Advanced SearchSearch Tips
Effects of Dietary Crude Protein on Growth Performance, Nutrient Utilization, Immunity Index and Protease Activity in Weaner to 2 Month-old New Zealand Rabbits
facebook(new window)  Pirnt(new window) E-mail(new window) Excel Download
 Title & Authors
Effects of Dietary Crude Protein on Growth Performance, Nutrient Utilization, Immunity Index and Protease Activity in Weaner to 2 Month-old New Zealand Rabbits
Lei, Q.X.; Li, F.C.; Jiao, H.C.;
  PDF(new window)
An experiment was conducted to determine the effects of different dietary crude protein (CP) levels on growth performance, nutrient utilization, small intestine protease activity and immunity index of weaner to 2 month-old New Zealand rabbits. Eighty weaner rabbits were allocated in individual cages to five treatments in which they were fed diets with CP at 14%, 16%, 18%, 20% and 22%, respectively. The growth performance and nutrient digestibility of rabbits increased firstly when dietary CP increased, then decreased. The average daily gain was the highest and feed conversion rate was the lowest when dietary CP reached 20%, namely 34.9 g/d and 2.74:1, respectively. Maximum CP digestibility was 72.1% in the 18% CP group, maximum crude fiber digestibility of 28.4% occurred in the 16% CP group and was significantly different from other treatments (p<0.01), apparent digestibility of Lys and Val followed the same trend as CP digestibility, and reached their maximum when dietary CP was 18%. Apparent digestibility of Cys, Tyr, Leu and Thr also had a similar trend to CP digestibility. Nitrogen retention (RN) increased with CP level (p>0.05), and was highest for 20% CP treatment (1.5 g/d). The effect of CP level on the rate of digestible nitrogen (DN) converted RN was small. The spleen index, thymus index, chymotrypsin and trypsin activities in small intestine were highest when dietary CP was 16%, which were 1.0, 2.8, 15.7 U/g and 125.7 U/g, respectively. There was no significant difference among treatments (p>0.05). According to the above results, the appropriate dietary CP level from weaner to 2 month-old meat rabbits was 18-20%.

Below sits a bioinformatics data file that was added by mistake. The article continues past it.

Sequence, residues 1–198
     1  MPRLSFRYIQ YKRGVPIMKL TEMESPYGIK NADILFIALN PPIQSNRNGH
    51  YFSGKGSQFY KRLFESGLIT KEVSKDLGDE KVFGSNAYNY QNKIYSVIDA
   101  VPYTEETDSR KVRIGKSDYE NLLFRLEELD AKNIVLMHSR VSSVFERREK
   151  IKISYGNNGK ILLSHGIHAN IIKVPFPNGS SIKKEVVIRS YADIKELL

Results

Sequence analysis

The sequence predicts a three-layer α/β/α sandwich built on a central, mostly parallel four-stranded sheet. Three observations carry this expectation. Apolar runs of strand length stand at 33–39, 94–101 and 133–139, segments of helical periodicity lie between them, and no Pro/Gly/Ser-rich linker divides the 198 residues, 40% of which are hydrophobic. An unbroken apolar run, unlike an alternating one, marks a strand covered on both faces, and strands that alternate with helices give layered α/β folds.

New Zealand Rabbit;Crude Protein;Growth;Immunity Index;Protease Activities;
 Cited by
Gelatinized Carbohydrates in the Diet of Catla catla Fingerlings: Effect of Levels and Sources on Nutrient Utilization, Body Composition and Tissue Enzyme Activities,Yengkokpam, Sona;Sahu, N.P.;Pal, A.K.;Mukherjee, S.C.;Debnath, Dipesh;

Asian-Australasian Journal of Animal Sciences, 2007. vol.20. 1, pp.89-99 crossref(new window)
Effect of Feeding Head Lettuce, Water Spinach, Ruzi grass or Mimosa pigra on Feed Intake, Digestibility and Growth in Rabbits,Nakkitset, Supharoek;Mikled, Choke;Ledin, Inger;

Asian-Australasian Journal of Animal Sciences, 2008. vol.21. 8, pp.1171-1177 crossref(new window)
Abdella, H. M. 1988. Effect on growing rabbits of feeding different levels of crude protein. The Journal of Applied Rabbit Research 11:252-256.

Cheeke, P. R. 1981. Effect of alfalfa and dietary fiber on the growth performance of weaning rabbits. Lab. Anim. Sci. 28:167-172.

de Blas, J. C. 1985. Units for feed evaluation and requirements for commercially grown rabbits. J. Anim. Sci. 60:1021-1028.

de Blas, C., E. Taboada, N. Nicodemus, R. Campos and J. Mendez. 1996. The response of highly productive rabbits to dietary threonine content for reproduction and growth. In: (Ed. F. Labas) Proceedings of the 6th World Rabbit Congress, Toulouse. Association Francaise de Cuniculture, Lempdes, pp. 139-144.

de Blas. 1998. The Nutrition of the Rabbit.CABI Publishing. p. 42, p. 246.

Lang, J. 1981. The nutrition of the commercial rabbit. 1. physiology, digestibility and nutrient requirements. Nutr. Abstr. Rev. 51:197.

Moughan, P. J., W. H. Schultze and W. C. Smith. 1988 Amino acid requirements of the growing meat rabbit. 1. The amino acid composition of rabbit whole-body tissue-a theoretical estimate of ideal amino acid balance. Animal Production 47:297-301.

NRC. 1977. Nutient requirements of domestic animals, No. 9. Nutrient requirements of rabbits. Second Revised Ed. National academy of sciences-National Research Council, Washington, DC.

Omole, T. A. 1982. The effect of dietary protein on growth and reproduction performance in rabbits. The Journal of Applied Rabbit Research 5:83.

Singh, B. 1988. Utilization by growing rabbits of a low protein diet with or without urea and groundnut cake supplementation. The Journal of Applied Rabbits Research 11:25-28.

Taboada, E., J. Mendez, G. G. Mateos and C. de Blas. 1994. The response of highly productive rabbits to dietary lysine content. Livestock Production Science 40:329-337.

Taboada, E., J. Mendez and C. de Blas. 1996. The response of highly productive rabbits to dietary sulphur amino acid content for reproduction and growth. Reproduction, Nutrition and Development 36:191-203.

Tang, L. M. 1987. Effects of dietary energy and protein on production performances of growing rabbits. Chinese Journal of Rabbit Farming 6:21-23.

Wang, S. C. 1999. The effect of different nutrient levels on growth performance of meat rabbits. Chinese Journal of Rabbit Farming 6:20-22.

Wang, Y. X. 1991. The study of protein requirement in growing meat rabbits. Journal of Shandong Agricultural University 6:137-145.

Xie, X. H. 1990. Effects of dietary crude protein and fiber on digestibility of meat rabbit. Chinese Journal of Rabbit Farming 3:16-18.

Xu, L. D. 1982. The nutrition and diets. Feed and Animal 3:22-25.

Xu, Z. R., X. T. Zou and C. H. Hu. 2002. Effects of dietary fructooligosaccharide on digestive enzyme activities, intestinal microflora and morphology of growing pigs. Asian-Aust. J. Anim. Sci. 15:1784-1789.

Yang, S. 1993. Feed analysis and feed quality assay. Beijing Agricultural University Press, 1993.